- Brainstorm. Use the issues you generated in the last exercise. Let this be the sloppy part. You’re creating and there’s no way to be neat and right about it. Brooke recently took a wonderful photograph of her nephew Axel painting a blue picture. There’s blue everywhere: on his arms, in his hair. That’s what you’re doing here; getting blue paint all over yourself and writing so fast that your critic can’t offer an opinion. You’re discovering your own material.
- Edit. Clean up the blue paint and see what’s in the picture. Let your critic out. Ask yourself if there’s a story here. Did you feel deep emotion? (And remember deep emotion can be funny: the crazed frustration over ordering a jacket on-line that makes you look like a beige box and then trying to return it. Humor can come out of exaggeration; anything trivial that you over-react to.) Check your spelling and word count.
- Study the market. Look through your favorite magazines and newspapers (especially those in your own hometown) to see if they publish personal essays. Study magazines wherever you go. (Doctor offices, airlines etc.). Buy a copy of Writer’s Digest Writer’s Market or Writer’s Magazine The Writer’s Handbook or subscribe on-line. You’ll be amazed at how vast and varied the market is for essays.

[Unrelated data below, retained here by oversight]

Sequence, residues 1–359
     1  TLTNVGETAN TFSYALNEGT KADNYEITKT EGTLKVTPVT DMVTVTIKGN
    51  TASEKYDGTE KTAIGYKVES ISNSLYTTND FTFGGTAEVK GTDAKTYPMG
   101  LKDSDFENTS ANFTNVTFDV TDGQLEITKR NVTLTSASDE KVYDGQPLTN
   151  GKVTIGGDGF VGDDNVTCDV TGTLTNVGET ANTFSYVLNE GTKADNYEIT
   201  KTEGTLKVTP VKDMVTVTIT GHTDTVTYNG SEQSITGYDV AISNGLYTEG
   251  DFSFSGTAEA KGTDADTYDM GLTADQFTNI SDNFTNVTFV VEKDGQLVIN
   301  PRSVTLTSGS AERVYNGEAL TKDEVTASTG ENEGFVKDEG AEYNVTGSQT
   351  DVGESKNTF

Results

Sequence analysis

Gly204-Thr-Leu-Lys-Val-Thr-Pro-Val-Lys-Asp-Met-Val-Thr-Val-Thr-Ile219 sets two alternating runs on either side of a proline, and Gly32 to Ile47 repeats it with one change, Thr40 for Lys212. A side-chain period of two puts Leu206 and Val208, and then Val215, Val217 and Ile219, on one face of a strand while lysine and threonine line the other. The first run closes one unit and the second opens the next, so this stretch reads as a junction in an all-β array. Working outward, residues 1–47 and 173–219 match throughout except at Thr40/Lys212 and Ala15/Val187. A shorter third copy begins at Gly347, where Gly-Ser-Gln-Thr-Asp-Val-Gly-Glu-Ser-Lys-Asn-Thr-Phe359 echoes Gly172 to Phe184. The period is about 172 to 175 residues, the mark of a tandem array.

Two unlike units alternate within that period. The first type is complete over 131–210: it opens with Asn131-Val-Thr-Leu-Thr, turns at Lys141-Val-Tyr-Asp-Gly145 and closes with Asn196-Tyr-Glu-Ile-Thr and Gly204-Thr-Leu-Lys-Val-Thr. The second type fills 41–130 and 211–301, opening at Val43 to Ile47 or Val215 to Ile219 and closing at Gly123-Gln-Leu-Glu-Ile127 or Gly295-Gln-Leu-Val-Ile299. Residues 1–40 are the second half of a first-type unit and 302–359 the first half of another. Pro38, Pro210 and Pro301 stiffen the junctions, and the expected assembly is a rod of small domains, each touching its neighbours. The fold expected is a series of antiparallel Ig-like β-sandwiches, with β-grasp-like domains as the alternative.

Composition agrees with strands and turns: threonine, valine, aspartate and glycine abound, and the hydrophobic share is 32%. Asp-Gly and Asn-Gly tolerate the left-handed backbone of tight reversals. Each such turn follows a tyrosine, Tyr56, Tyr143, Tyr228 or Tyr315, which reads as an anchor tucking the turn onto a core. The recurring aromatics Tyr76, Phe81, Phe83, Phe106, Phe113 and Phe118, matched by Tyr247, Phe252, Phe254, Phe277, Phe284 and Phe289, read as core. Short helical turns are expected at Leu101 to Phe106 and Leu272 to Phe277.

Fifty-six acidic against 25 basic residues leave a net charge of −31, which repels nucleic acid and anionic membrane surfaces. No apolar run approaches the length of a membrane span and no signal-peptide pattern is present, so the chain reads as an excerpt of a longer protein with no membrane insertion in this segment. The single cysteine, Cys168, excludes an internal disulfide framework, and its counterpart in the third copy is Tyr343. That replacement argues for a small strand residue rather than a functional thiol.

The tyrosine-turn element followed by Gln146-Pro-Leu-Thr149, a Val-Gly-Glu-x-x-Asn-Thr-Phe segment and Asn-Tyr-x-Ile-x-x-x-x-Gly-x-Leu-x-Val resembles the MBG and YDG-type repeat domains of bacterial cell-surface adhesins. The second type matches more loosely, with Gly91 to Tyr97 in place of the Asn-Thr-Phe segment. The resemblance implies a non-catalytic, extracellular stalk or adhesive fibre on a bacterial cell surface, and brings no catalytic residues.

Questions to ask yourself as you edit:
- Does your opening get right to the subject of the essay? Will it draw he reader in? Does the first paragraph set up accurate expectations for the rest of the essay? If not, cut. It might be lovely writing but it's besides the point. (Though often you need to write your way into the essay, and by overwriting you figure out what the essay is really about.) Try to recognize now where your essay truly begins. Cut to the chase.
- Is your writing specific and concrete? Not "a lovely day" but a specific day with the sky a specific color, or temperature, or smells in the wind. Find the one detail that will nail that specific day, face, room, meal. Cut all adjectives and adverbs that don't give essential information. Focus on verbs because that's what carries the energy in your writing.
- Does something happen in your essay? Is there forward motion to it, action not musing? Is there at least one specific incident or anecdote?
- Is there specific feeling/emotion in the essay? Do you care deeply about what you're writing?
- Is the essay about something specific? Is there a theme? Does it have a conclusion? A point? Is there a new awareness or change at the end? (Even if it's only the awareness of things not changing.) Or do you have a humorous take on something frustrating?
- How does your essay sound when you read it aloud? Often your ear will pick up something that your eye misses.